By the power of Title VII! Woman called “He-Man” loses gender-bias claim

Look, no one forced you to read this. Or click on that video.

Hey, happy Thursday to you from The Employer Handbook. Now, with 100% fewer penis trees.

(Yeah, sorry about that. If you got yesterday’s post via email, the free stock image I used — from a database of pictures I’ve utilized many times in the past — contained a questionable palm tree. I missed it. But, it was questionable enough that I got two emails from readers — neither of whom seemed particularly offended, but still. Had there been two coconuts lying on the sand, I surely would’ve been called into HR. And, poor Jeff Nowak. I can only imagine who signed up for his webinar from via my blog. Oof!)

From my shame to my shameful childhood.

Ok, now let’s talk about He-Man.

Along with The Transformers and Tom and Jerry, He-Man was right up there as a favorite cartoon growing up. So, of course, since I’ve barely matured since then (scroll up for Exhibit “A”), when I came across this recent opinion, I had to write about it.

This case involves a female school teacher who alleges that her former employer discriminated against on the basis of her gender, among other protected classes. The genesis of her gender-bias claim is an anonymous letter that the plaintiff claimed was actually authored by her female supervisor. The author of the letter claimed to be the mistress of the plaintiff’s husband and wrote that the plantiff “look[s] like a he-man with that big, donkey ass.” The employer’s EEO officer determined that the plaintiff’s allegations concerning the letter and some other complained-of conduct amounted to “a generalized complaint of misconduct,” rather than sexual harassment. Ultimately, the plaintiff sued in federal court.

In its analysis, the court noted that, for the plaintiff to  prevail on a “hostile work environment” sexual harassment claim under Title VII, she must prove that the harassment was: (1) unwelcome, (2) based on sex, ( 3) sufficiently severe or pervasive to alter the conditions of employment, and (4) imputable to her employer. Then, while noting that same-sex harassment can be actionable under Title VII, the court concluded that the plaintiff had failed to demonstrate that her supervisor targeted her because of her sex:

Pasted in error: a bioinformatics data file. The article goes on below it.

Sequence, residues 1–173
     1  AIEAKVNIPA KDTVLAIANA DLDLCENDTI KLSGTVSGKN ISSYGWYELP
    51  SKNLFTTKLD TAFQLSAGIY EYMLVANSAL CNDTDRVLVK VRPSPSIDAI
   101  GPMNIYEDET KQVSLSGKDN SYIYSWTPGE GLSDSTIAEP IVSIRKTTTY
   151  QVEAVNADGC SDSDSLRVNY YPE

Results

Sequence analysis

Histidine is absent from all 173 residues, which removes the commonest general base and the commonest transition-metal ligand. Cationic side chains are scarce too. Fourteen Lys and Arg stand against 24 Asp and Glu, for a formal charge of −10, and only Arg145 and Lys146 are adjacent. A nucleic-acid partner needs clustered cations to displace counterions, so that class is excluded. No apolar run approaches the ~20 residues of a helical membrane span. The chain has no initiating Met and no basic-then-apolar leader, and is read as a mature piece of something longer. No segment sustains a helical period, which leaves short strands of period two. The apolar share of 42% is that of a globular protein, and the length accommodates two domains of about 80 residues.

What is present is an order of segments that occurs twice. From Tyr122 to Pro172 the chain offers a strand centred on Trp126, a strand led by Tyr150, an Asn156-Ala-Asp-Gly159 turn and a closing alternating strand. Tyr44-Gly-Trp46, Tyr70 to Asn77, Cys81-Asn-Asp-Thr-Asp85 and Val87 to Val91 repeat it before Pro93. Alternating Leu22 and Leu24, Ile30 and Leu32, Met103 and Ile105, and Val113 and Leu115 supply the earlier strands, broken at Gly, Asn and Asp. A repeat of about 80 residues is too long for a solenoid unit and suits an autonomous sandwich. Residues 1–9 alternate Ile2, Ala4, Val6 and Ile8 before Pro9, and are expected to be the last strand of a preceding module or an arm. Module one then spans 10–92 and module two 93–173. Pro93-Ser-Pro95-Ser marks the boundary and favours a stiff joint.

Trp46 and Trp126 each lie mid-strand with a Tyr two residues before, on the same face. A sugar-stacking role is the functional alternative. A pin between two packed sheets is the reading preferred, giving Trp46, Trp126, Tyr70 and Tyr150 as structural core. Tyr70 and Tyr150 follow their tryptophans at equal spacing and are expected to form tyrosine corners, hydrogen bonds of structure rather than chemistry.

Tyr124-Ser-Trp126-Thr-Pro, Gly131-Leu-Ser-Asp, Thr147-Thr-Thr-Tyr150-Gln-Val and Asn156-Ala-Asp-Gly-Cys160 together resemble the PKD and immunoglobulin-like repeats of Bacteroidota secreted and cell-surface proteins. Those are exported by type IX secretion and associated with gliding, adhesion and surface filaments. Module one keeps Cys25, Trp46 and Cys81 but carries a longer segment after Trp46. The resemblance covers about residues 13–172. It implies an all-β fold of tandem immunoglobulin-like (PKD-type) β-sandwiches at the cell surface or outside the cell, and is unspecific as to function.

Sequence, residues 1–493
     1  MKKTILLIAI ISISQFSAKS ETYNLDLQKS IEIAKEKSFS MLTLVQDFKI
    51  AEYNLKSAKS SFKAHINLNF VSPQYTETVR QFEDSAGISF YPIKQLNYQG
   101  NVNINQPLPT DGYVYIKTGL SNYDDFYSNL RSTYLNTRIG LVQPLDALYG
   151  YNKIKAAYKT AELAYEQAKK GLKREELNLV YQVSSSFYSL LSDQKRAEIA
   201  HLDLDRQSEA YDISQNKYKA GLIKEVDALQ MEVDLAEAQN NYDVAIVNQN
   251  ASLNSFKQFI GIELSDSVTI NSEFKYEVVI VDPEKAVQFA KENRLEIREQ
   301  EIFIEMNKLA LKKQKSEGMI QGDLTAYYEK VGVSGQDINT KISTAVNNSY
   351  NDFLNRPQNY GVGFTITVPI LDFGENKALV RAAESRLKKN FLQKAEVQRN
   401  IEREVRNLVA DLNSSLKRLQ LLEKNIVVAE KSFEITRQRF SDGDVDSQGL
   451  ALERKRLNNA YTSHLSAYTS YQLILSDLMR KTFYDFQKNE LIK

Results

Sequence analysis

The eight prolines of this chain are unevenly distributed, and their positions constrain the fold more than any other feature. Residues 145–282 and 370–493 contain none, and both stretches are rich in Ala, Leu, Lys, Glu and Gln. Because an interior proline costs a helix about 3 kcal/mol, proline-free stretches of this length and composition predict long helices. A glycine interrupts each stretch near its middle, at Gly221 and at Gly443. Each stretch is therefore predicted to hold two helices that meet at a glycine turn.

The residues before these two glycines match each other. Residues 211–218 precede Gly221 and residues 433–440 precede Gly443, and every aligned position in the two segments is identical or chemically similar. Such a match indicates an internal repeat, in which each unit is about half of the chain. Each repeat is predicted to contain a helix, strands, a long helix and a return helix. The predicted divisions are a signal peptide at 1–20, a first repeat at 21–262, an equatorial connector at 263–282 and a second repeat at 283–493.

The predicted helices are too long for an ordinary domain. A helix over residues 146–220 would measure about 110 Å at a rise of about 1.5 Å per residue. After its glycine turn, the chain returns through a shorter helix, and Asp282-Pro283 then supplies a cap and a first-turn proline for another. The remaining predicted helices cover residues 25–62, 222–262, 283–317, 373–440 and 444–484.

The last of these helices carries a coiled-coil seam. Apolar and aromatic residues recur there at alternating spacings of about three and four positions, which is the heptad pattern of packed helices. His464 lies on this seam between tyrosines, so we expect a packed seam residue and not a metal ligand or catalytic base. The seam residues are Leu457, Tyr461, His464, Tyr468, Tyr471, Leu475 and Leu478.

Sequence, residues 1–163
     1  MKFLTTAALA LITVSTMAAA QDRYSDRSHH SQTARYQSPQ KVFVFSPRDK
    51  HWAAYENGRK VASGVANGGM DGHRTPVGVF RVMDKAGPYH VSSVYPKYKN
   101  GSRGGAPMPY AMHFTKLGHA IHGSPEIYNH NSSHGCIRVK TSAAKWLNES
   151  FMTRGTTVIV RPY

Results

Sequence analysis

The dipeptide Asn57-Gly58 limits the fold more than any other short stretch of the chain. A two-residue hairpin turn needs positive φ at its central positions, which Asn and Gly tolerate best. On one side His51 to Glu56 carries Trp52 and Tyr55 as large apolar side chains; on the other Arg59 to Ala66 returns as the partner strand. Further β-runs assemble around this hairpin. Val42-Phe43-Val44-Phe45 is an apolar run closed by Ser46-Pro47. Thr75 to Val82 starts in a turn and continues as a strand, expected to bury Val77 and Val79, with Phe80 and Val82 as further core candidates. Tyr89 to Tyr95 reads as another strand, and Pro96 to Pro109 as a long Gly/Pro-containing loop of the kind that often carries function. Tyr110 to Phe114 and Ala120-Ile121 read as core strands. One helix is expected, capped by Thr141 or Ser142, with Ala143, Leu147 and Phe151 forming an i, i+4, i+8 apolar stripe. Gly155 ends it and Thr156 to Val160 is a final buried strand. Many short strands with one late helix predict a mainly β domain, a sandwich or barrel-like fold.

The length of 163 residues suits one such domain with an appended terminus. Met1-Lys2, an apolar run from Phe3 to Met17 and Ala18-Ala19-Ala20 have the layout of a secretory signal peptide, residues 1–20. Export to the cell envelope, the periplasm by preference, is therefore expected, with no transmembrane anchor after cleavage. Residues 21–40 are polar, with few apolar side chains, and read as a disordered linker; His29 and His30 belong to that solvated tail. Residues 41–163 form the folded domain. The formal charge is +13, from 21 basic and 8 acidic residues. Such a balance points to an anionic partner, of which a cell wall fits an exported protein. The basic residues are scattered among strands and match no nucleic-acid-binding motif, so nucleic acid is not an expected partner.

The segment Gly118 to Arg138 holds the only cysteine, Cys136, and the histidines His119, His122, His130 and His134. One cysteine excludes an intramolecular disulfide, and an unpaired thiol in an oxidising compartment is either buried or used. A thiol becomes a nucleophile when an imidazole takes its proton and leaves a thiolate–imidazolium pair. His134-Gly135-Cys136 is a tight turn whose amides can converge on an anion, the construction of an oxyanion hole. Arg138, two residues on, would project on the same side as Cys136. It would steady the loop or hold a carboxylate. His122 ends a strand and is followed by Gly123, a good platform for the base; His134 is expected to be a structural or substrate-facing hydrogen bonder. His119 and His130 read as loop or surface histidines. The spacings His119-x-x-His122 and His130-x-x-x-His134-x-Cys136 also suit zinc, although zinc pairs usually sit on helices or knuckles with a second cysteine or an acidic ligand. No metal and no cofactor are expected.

There is no evidence that Young’s actions were based on her sexual interest in Lewis. Additionally, the plaintiff presents no evidence that Young was generally hostile towards other women at the school or that she treated women differently from men. Although the plaintiff has alleged facts that Young acted inappropriately by reprimanding her in front of her colleagues and by sending her an anonymous letter claiming to be her husband’s mistress and insulting her appearance, Lewis has not shown that Young took those actions because of Lewis’s gender. Young’s description of the plaintiff’s appearance as “a he-man with that big, donkey ass” implies that, in Young’s view, Lewis is not sufficiently feminine, but “it is not enough that the challenged conduct be sex-specific.”…Furthermore, the evidence indicates that Young’s harassment of Lewis was motivated by her general hostility towards Lewis and dissatisfaction with her job performance, rather than Lewis’s sex. 

Although the court didn’t address the other hostile work environment factors, it would appear that the few complained-of actions were neither severe nor pervasive enough to alter the plaintiff’s working conditions.

Takeaways for employers.

  1. Take this He-Man poll.
  2. Defending a lawsuit by raising the same arguments as the defendants here is fine. But, to head off a lawsuit altogether, make sure that you are taking all complaints of discrimination seriously. Otherwise, small incidents tends to repeat and, eventually, alter the victim’s working conditions.
  3. Take the poll, would ya!
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